A man is seeking an appointment he has to keep. He is inside a vast modernist structure, made of concrete and glass, with unsignposted stairwells and unobliging elevators. Other people are present: tourist groups, businessmen, transient visitors. Meeting rooms have long tables and reconfigurable walls to make the rooms into whatever size, shape and function is necessary. Abstract paintings hang on every wall. Members of staff are present, unfailingly courteous and blandly unhelpful. There are hints and suspicions of close personal contacts: rooms where people are eating, where there is a dance floor, where bedroom doors are firmly closed and labelled Do Not Disturb. Offices are glassed-in, or set up as boxed workstations. A motorway runs past. Could this be a hotel? Or a hospital, an office block, an airport terminal, a convention centre?
The images come from a masterpiece of the cinema, these days a forgotten and largely unseen one: Playtime. Three years in the making, and then delayed by several post-production snags, Playtime was eventually released in 1967, starring and directed by the French comedian Jacques Tati. It was then the most expensive film ever made in France, but it did not receive the worldwide success it needed to recoup the expense of filming, and Tati was bankrupted by it. It is rarely seen these days. Although Playtime is available on DVD, the original 70mm frame is cropped, and there have been cuts made to the immense running time. However, with the hindsight of nearly half a century it can be seen as a brilliant foresight into the worst and most soulless aspects of our modern life.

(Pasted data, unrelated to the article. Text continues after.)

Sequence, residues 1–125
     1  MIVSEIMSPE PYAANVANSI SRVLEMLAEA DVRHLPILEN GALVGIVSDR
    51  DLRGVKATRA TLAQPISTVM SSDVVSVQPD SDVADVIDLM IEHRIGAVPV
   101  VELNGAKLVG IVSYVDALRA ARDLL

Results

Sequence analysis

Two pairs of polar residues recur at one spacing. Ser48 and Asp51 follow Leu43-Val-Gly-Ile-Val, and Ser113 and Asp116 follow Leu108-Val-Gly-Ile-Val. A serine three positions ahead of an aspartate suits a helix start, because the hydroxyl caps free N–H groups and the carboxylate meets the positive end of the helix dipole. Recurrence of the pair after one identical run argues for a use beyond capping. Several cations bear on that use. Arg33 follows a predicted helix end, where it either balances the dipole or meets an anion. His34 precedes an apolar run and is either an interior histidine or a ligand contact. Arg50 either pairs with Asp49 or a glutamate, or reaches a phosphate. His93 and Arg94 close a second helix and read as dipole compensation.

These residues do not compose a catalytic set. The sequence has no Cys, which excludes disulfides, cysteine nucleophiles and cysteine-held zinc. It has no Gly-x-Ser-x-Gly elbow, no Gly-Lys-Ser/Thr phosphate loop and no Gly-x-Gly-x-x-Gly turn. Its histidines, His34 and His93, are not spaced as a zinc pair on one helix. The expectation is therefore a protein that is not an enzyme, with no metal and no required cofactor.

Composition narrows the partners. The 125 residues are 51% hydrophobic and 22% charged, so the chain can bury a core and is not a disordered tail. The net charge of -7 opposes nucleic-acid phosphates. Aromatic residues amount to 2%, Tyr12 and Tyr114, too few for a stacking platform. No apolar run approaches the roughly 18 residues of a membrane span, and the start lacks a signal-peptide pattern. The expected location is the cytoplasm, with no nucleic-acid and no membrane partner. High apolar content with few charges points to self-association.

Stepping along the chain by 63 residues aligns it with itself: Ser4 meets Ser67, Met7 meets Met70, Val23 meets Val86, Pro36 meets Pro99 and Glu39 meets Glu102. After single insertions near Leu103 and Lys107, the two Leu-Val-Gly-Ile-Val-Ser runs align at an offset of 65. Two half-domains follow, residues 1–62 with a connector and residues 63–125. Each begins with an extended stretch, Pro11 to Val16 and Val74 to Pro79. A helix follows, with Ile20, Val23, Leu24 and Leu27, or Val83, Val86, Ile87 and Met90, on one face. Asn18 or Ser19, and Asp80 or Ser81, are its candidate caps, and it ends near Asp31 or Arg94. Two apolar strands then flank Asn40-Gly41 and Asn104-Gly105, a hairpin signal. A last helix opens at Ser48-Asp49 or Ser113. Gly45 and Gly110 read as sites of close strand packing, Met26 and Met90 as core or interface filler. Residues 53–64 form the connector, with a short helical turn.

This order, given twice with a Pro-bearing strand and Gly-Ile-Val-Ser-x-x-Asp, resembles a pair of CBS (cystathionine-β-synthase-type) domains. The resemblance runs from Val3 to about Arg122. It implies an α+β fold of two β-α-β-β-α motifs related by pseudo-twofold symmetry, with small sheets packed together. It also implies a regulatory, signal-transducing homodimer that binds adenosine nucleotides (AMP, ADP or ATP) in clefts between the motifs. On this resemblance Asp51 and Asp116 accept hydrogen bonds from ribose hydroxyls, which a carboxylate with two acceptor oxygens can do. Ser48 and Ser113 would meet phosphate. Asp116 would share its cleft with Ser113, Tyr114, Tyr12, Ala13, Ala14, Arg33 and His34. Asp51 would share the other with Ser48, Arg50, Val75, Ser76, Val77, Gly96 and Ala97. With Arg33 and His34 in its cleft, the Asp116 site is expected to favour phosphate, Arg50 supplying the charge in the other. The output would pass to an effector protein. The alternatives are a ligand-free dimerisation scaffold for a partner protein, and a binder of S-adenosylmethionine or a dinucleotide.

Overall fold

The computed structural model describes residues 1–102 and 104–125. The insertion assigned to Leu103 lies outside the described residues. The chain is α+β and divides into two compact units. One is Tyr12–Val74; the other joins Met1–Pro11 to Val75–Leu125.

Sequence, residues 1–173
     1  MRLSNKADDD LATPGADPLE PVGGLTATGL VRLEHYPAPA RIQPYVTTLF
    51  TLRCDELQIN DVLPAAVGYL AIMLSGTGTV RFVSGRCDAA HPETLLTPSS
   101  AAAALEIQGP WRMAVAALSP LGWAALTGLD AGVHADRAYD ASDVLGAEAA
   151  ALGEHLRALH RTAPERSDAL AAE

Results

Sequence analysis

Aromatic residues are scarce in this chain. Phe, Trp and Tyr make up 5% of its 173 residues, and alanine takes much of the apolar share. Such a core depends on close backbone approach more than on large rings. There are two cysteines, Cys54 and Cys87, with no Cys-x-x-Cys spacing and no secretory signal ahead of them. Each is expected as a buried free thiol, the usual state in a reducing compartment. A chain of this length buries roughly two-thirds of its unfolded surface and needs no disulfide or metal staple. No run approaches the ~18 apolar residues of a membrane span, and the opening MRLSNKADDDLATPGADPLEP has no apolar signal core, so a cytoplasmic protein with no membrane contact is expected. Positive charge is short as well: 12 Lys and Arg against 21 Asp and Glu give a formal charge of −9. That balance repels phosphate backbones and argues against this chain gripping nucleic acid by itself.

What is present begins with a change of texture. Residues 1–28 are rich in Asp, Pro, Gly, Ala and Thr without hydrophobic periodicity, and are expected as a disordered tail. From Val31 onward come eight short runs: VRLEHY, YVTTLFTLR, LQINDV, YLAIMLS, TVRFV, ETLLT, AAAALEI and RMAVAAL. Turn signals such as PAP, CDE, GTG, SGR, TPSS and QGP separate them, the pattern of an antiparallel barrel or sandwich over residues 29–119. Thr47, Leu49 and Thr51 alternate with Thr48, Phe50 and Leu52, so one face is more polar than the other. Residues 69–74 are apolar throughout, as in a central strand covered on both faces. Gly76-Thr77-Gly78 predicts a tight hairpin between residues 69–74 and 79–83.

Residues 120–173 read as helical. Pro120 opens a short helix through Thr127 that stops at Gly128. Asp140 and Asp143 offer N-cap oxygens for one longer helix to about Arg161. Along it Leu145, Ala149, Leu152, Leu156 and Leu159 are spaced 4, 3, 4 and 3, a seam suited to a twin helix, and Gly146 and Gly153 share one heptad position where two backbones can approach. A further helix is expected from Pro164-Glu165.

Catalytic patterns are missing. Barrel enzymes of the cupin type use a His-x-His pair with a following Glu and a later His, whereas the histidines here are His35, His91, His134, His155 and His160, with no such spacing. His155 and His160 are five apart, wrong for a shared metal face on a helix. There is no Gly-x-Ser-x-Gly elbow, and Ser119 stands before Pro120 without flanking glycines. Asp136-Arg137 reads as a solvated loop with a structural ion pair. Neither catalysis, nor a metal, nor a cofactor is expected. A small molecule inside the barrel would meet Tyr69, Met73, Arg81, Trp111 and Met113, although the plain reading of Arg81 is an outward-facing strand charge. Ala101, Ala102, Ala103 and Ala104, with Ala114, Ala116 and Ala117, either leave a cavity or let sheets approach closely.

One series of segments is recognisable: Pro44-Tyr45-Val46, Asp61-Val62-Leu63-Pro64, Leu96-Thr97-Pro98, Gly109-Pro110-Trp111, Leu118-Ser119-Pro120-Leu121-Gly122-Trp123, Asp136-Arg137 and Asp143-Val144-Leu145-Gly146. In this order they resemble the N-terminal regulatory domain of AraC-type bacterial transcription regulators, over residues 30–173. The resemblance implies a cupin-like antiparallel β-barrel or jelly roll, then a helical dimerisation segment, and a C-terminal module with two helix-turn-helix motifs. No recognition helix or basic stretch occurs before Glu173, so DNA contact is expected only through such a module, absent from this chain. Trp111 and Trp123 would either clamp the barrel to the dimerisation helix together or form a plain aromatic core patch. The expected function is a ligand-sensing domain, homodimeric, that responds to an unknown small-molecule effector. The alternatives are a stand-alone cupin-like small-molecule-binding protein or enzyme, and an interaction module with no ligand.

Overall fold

Playtime was made at roughly the same time as two other comparable French films – Jean-Luc Godard’s Alphaville (1965), and Chris Marker’s La Jetée (1962), although the delays meant it came out some time later. All three films have a distinctly Ballardian flavour – not a coincidence, because J. G. Ballard’s work has always been highly regarded in France.
To say that Will Wiles’s new novel The Way Inn is strongly reminiscent of Playtime is intended as a compliment. The narrator, the protagonist, has the symbolic-sounding name of Neil Double. Double is a professional conference-goer, standing in for middle-grade executives who either do not want to go to the conference, or cannot. He attends the symposia on their behalf, takes notes and reports back. This is his job, and he moves from one hotel and conference to the next, frequently running into the same individuals, and always encountering the same types of people. He has relationships with some of them: he knows which of the other attendees are bores or pests, and he is constantly interested in the women he tries to pick up.